Paid for by Committee to Reelect Judge North, P.O. Box 27113, Seattle, WA 98165
After a debate on Friday that had to change formats after Graham refused Harrison's request to take another COVID-19 test, news came out yesterday that Harrison raised a monster $57 million from July through September. It's the highest quarterly fundraising total for any Senate candidate in U.S. history.
Though Graham has yet to release his numbers from this quarter, according to the New York Times, Harrison's amount is more than double what Graham raised in the past six quarters combined. But it's important to note that most of those donations came from out-of-state, reflecting national anger toward Graham and his push to confirm Amy Coney Barrett's seat on the Supreme Court.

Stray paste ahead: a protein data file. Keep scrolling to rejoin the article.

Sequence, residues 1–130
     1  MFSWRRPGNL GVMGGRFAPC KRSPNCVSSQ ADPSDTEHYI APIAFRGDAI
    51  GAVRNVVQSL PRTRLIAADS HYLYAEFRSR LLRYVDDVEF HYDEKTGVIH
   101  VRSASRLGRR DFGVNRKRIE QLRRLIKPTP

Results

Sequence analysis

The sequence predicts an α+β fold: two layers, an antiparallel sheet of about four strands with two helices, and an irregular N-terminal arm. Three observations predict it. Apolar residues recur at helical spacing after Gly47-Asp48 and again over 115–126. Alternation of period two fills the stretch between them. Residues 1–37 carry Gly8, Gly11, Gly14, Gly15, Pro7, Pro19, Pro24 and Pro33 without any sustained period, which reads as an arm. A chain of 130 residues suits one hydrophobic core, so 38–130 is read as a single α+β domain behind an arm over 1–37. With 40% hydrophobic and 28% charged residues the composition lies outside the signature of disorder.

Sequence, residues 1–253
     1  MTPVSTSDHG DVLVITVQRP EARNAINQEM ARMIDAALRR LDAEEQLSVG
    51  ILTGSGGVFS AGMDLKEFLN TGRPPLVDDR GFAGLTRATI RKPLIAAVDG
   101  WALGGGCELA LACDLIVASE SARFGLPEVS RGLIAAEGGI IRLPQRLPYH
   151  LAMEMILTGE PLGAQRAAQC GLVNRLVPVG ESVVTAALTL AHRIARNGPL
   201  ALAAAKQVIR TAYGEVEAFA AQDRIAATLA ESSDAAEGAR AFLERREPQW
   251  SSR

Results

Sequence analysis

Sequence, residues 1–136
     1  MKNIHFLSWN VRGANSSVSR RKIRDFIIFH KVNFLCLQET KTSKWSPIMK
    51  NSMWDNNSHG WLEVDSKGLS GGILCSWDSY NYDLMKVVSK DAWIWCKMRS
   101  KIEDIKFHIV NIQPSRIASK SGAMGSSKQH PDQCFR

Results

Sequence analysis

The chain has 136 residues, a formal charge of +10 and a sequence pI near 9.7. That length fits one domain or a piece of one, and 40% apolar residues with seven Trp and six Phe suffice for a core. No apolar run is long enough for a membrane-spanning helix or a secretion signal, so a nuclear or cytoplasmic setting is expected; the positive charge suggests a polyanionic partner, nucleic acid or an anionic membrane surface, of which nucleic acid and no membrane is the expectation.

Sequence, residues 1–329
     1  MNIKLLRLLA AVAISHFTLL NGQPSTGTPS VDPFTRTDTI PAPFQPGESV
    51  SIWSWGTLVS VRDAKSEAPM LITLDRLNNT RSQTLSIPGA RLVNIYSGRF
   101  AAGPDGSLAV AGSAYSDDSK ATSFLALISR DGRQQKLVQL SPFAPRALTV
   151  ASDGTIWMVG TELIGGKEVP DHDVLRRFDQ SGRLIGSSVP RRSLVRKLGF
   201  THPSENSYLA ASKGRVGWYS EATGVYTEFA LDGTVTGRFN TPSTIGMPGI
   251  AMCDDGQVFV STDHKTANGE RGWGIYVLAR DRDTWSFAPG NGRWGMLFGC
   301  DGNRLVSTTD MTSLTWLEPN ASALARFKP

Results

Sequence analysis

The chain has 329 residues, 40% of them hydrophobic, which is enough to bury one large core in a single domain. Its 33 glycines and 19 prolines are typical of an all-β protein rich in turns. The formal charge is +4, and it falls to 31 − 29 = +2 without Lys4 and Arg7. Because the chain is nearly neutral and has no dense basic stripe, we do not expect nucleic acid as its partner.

Money, as Beto O'Rourke knows, does not always equal victory. A Quinnipiac University poll from a few weeks ago has Graham and Harrison in a dead heat with each other. And, as AP notes, both candidates already have "wall-to-wall" online and air advertising, making it "hard to see where Harrison's cash could help him eke out more visibility." But all those fund$ gives Harrison's campaign the latitude to reach a lot of voters, telling AP that they will use "every dollar donated" in ads, digital organizing, and communication with Black voters.
Furthermore, Graham's heightened presence at the Supreme Court confirmation hearings could hurt him with voters who aren't keen on his hypocrisy going on full display right as the election season kicks into high gear. South Carolina's Senate race remains one to watch.
Sen. @LindseyGrahamSC: "This is an election year...Justice Ginsburg, when asked about this several years ago, said that a president serves for four years, not three. There's nothing unconstitutional about this process...the Senate is doing its duty constitutionally."#SCOTUS pic.twitter.com/98nGPinI6E
— CSPAN (@cspan) October 12, 2020
South Carolina's Senate race remains one to watch